Turkey charges journalists with "espionage"
Prominent Turkish journalists Can Dundar and Erdem Gul of the Cumhuriyet daily have been charged with espionage.Source: BBC
The accusation came because the journalists, who deny the accusations, published articles claiming that Turkey's secret services "sent arms to Islamist rebels in Syria," BBC is reporting.
If found guilty, Dundar, the paper's editor-in-chief, and Gul its Ankara bureau chief, could face life in prison.
They reported that "trucks belonging to the Turkish intelligence agency MIT were used to carry weapons to Islamist opposition groups in Syria," said the British broadcaster, adding that "video footage published alongside their report purported to show Turkish police officers intercepting the trucks and discovering crates containing weapons and ammunition."
The government said that "the intelligence trucks were carrying aid to the Turkmen minority in Syria."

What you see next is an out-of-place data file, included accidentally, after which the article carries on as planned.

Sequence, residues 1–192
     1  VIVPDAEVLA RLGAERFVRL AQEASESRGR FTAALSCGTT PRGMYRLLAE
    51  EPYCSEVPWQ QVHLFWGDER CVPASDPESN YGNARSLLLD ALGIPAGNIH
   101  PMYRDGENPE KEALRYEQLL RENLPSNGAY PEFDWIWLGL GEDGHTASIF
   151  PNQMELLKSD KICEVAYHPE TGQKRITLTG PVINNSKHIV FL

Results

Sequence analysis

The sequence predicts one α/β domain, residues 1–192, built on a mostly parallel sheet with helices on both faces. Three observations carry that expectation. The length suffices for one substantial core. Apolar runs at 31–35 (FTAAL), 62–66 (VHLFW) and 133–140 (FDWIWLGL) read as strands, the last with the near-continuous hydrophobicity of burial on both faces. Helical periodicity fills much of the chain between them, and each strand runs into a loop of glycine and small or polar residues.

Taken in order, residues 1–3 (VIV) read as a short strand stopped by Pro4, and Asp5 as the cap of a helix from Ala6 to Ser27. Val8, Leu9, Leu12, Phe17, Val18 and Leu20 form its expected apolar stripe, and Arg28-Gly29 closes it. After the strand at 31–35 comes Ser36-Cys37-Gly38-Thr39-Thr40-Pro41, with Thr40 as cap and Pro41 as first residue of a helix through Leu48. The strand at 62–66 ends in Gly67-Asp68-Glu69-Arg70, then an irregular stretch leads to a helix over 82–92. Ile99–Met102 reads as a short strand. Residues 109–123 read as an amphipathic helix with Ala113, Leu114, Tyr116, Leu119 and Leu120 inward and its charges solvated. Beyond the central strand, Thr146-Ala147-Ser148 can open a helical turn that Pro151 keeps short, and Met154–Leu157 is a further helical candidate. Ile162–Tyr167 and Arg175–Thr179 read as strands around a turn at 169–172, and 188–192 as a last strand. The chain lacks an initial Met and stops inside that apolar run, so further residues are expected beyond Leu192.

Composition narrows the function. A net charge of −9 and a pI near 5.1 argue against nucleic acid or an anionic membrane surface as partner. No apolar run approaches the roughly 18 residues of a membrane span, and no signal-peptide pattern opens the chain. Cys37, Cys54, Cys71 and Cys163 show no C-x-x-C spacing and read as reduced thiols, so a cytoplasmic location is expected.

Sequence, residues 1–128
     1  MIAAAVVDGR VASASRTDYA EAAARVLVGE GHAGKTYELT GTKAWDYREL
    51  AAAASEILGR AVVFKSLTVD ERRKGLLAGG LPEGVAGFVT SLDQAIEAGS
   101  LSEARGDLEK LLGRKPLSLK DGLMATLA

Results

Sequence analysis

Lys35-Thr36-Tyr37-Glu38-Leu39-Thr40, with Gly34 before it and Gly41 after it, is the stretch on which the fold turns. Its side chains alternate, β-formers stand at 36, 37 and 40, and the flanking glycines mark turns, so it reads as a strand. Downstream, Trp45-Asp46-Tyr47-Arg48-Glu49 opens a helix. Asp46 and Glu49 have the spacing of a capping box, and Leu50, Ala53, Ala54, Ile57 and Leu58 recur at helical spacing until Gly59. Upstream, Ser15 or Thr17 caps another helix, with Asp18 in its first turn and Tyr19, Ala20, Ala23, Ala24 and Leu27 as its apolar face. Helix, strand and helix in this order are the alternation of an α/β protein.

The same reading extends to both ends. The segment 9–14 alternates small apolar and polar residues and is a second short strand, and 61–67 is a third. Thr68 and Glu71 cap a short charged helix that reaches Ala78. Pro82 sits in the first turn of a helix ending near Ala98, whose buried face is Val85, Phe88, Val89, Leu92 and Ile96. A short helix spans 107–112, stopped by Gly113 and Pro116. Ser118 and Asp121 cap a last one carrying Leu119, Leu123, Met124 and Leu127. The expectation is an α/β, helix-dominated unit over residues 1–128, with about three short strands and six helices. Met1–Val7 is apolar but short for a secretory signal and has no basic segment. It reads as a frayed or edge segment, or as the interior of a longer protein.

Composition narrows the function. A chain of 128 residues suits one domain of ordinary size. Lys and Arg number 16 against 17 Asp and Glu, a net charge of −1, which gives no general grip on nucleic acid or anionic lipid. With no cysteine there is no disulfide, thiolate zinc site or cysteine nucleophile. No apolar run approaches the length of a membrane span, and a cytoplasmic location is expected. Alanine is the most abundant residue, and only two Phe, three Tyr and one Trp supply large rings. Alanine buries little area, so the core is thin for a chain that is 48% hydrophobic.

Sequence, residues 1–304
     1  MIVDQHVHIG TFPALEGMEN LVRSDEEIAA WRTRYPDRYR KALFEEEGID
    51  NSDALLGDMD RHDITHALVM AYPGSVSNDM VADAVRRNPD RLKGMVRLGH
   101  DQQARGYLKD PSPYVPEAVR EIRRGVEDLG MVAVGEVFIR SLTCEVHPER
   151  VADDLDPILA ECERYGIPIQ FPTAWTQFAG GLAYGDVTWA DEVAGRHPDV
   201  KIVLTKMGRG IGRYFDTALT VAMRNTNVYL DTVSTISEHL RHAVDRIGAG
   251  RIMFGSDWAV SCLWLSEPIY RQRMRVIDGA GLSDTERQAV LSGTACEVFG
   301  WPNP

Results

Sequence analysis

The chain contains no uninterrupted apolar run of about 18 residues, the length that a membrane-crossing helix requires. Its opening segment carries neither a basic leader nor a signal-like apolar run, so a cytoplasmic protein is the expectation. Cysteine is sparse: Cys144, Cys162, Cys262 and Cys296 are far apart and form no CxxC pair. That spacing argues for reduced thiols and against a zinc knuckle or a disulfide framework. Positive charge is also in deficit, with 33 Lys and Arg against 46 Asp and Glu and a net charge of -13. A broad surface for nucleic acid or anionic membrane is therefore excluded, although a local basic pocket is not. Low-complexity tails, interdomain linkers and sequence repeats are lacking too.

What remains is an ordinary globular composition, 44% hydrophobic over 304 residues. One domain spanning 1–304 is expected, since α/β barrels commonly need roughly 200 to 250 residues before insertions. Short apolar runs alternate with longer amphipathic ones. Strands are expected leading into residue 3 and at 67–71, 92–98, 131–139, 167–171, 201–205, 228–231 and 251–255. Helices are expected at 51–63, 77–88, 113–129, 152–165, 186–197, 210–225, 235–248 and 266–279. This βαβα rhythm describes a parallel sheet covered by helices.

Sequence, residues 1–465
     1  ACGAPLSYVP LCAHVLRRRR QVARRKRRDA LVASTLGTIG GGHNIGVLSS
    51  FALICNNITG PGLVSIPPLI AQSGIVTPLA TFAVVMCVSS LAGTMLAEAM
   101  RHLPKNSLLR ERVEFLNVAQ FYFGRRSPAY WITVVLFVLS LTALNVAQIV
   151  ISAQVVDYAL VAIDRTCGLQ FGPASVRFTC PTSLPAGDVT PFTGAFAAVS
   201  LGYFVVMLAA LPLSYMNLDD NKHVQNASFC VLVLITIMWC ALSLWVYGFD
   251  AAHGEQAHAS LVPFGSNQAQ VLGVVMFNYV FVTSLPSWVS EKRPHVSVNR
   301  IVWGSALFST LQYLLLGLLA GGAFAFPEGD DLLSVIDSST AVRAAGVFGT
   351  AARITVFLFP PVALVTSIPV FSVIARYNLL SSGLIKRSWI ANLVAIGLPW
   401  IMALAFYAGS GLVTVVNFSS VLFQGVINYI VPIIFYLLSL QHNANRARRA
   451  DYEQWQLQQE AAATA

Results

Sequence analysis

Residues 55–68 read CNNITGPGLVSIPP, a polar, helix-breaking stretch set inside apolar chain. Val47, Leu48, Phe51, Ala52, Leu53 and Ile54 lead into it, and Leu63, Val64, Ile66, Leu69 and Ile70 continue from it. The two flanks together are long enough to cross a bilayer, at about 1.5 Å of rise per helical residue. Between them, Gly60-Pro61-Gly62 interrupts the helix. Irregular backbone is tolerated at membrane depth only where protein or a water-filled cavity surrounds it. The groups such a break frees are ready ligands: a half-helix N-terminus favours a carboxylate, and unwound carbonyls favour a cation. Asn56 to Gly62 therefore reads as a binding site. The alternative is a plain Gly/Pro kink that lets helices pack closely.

BBC reported that President Recep Tayyip Erdogan personally filed a lawsuit against the newspaper, and said in May: "This paper has engaged in acts of espionage. Whoever wrote this story will pay a heavy price for this."
"They ask us why we published that story. The history of journalism is full of such examples as Watergate or Wikileaks that show states would like to keep some facts secret. But it's for common good to bring them to light," Dundar has been quoted as saying.
BBC noted that the charges have been "heavily criticized by press freedom groups," and that Turkey ranks 149th among the 180 countries in RSF's World Press Freedom Index 2015.